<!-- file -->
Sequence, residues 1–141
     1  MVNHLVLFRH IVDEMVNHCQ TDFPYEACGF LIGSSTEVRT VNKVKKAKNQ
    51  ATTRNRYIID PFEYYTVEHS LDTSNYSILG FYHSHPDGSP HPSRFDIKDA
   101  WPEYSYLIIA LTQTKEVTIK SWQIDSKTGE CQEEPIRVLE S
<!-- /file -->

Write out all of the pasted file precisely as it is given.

Sequence, residues 1–141
     1  MVNHLVLFRH IVDEMVNHCQ TDFPYEACGF LIGSSTEVRT VNKVKKAKNQ
    51  ATTRNRYIID PFEYYTVEHS LDTSNYSILG FYHSHPDGSP HPSRFDIKDA
   101  WPEYSYLIIA LTQTKEVTIK SWQIDSKTGE CQEEPIRVLE S